MacDonough Street Buildings Still Stand

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New York City is a mosaic of stories.  And one of the most heartrending  yet heartwarming  can be seen in action on MacDonough Street, between Lewis and Stuyvesant Avenue in historic Stuyvesant. 
It began early Wednesday morning, January 20, when Mrs. Doreen Prince, owner of 331 MacDonough, awoke and could not go back to sleep. 
She got up to get a glass of water, and when she returned to bed, she smelled gas.  She went back to the kitchen and then decided to check the boiler. As she opened the door to the basement, the gas odor was powerful. 
She looked down the stairs, and saw the wall her building shared with 329 was now mostly a mountain of rubble and brick.  She could see into neighbor Robert Providence’s house through the gaping hole.   Even at that point it did not hit her how dangerous the situation was.  Stunned, she could only think of alerting her tenants and Mr. Providence next door.  But what was to develop into a nightmare unfolded very quickly. Within hours, it was determined that the two buildings were in eminent danger of collapsing under 100 tons of weight, that Mrs. Prince and her tenants, who left the building only with the clothes on their backs and their keys to the house, could not return. Ever.  The building would be demolished.   There were rumors the adjacent buildings sandwiching 331 and 329 might also be razed.
And the story had only just begun.
The buildings were slated to go down on Thursday in compliance with Buildings Department regulations concerning public safety.  And the tenants were restricted from entering the building to retrieve their belongings.
On Thursday, Mr. Providence secured a stay so the buildings would not be torn down.  On Friday another stay was granted until Monday.  On Monday, a stay until yesterday, January 27 when Justice Bert Bunyan ruled that  property owners’ structural engineers could have until Tuesday, February 2 to come up with a viable plan to save the structures.

It’s a story of people working together to find solutions; it is a story of compassion; it is a story where there are no enemies; it is a story about being on the brink; it is a story about “stuff;” keeping legacies alive, heritage intact and the quest to build new foundations; and more than bricks and mortar, it is ultimately the story, said 331 renter, Omalara Reginald Rose Deas, of grace under pressure. “And people.”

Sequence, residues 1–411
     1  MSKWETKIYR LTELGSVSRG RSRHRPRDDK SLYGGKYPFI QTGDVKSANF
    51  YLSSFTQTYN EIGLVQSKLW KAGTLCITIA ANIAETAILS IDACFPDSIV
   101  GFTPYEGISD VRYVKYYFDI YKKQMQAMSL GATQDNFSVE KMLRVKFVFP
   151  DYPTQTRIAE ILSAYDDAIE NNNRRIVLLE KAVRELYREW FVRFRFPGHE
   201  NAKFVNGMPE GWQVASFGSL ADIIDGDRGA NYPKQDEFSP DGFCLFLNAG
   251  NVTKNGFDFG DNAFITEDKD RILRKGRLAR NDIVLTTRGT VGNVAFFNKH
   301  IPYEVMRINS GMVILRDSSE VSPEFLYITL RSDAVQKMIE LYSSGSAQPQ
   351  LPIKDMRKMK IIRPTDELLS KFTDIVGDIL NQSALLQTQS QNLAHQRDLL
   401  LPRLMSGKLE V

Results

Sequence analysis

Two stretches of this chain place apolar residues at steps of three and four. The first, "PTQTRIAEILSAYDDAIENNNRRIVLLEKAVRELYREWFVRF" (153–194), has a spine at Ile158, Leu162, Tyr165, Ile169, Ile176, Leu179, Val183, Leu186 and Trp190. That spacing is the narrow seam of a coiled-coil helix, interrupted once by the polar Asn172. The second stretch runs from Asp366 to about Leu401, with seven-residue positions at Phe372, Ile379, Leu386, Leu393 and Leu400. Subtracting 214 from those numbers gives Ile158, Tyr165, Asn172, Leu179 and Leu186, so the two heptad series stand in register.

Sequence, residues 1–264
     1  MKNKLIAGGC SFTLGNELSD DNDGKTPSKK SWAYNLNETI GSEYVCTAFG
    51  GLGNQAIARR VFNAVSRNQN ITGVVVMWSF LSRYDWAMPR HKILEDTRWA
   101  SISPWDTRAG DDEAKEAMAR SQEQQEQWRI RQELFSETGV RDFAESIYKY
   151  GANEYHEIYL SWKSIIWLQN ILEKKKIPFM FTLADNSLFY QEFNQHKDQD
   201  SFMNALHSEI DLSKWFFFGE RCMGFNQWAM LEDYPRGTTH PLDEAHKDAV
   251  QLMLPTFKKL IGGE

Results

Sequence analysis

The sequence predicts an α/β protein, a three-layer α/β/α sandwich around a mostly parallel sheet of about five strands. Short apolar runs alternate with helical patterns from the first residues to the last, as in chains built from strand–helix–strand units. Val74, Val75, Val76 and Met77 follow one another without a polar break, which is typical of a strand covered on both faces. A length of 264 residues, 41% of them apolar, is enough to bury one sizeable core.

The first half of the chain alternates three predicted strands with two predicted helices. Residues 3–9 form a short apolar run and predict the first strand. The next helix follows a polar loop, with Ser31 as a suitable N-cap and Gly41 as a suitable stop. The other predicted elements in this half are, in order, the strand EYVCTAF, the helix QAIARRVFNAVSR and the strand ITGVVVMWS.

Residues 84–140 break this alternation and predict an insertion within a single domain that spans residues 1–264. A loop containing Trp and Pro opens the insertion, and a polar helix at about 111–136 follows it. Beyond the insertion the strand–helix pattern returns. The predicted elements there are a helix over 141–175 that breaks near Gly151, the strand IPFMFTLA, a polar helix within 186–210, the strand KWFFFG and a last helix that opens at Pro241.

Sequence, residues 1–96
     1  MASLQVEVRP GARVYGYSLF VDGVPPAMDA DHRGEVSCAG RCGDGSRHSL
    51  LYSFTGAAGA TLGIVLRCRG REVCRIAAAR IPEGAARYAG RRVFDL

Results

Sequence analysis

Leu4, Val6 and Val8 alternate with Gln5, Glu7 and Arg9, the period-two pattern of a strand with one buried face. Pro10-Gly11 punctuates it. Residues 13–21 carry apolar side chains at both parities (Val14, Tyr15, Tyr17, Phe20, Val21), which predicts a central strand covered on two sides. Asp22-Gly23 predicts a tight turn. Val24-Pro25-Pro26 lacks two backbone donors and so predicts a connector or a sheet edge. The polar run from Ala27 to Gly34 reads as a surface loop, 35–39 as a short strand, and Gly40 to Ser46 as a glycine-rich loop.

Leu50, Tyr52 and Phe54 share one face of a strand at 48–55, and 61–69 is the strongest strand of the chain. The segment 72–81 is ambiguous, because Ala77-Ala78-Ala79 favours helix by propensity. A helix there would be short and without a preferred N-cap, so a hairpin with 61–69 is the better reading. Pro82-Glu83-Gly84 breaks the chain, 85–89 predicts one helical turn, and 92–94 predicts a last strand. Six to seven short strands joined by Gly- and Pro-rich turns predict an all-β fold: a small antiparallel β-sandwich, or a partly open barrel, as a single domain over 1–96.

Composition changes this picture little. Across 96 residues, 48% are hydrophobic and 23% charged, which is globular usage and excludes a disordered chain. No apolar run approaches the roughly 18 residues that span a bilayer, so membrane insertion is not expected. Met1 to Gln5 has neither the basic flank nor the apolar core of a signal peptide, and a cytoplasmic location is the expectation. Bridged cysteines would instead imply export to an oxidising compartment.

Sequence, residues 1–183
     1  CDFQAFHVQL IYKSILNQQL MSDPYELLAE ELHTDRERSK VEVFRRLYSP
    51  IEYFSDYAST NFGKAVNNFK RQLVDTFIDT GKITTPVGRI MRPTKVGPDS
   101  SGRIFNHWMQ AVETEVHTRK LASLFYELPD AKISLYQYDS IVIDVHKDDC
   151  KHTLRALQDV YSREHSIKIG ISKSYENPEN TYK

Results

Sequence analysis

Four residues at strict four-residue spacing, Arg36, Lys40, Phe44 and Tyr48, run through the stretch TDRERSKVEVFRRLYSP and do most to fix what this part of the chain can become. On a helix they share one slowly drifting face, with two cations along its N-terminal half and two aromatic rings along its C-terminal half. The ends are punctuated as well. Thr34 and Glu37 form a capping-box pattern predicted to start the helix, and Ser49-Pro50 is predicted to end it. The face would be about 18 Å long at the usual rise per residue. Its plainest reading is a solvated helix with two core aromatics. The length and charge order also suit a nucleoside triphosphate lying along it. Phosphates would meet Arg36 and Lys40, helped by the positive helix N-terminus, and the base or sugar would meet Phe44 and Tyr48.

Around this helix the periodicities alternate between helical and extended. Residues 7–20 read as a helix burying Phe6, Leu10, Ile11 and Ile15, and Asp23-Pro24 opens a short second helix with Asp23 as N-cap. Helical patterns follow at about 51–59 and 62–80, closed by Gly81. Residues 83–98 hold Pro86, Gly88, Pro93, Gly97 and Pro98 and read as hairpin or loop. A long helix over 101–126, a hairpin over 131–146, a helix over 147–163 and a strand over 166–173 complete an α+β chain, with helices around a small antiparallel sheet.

Two of those people were Lieselle Pascal, Mr. Rose’s neighbor, and Mr. Tim Lynch, a buildings forensic expert.  Mr. Lynch personally brought the tenants’ and Mrs. Prince belongings out of the building.  The very first items came from Miss Pascal’s apartment.

The cardboard box Lynch thought Miss Pascal requested contained the bible her grandmother had given her 10 years ago.  
Keedra Gibba of the December 12 Movement was seated comfortably in Bread Stuy Caf‚ at about 1pm, Friday (22), when 327 McDonough Street condo owner Suzette Hunte, entered and implored diners to come out to the  hearing that was taking place in an hour. Gibbs, without hesitation, responded to Miss Hunte’s “call to action.”

And then there are Krystal Coddett, Crystal Bobb-Semple, Eddie and Bea Atwell, Daniel and Jordana Rosen, Michael Charles, Doris Pinn, Dan Durett, Councilwoman Tish James, Kenny Kweku, Frantz, and Alan Greaves, Mrs. Prince’s son and stalwart protector — all playing a part in the drama.
The Department of Buildings told Our Time Press, “The stay on demolition has been extended to Tuesday, February 2. The buildings are being closely monitored, and there are no signs of movement at this time. The property owner will continue to submit monitoring reports to the Department. Meanwhile, the property owner (Robert Providence) must submit plans to the Department that show how the buildings can be stabilized.”  The results of the Tuesday hearing will be reported – and some of the individuals who brought the MacDonough Street story to this point will be introduced — next week in Our Time Press.

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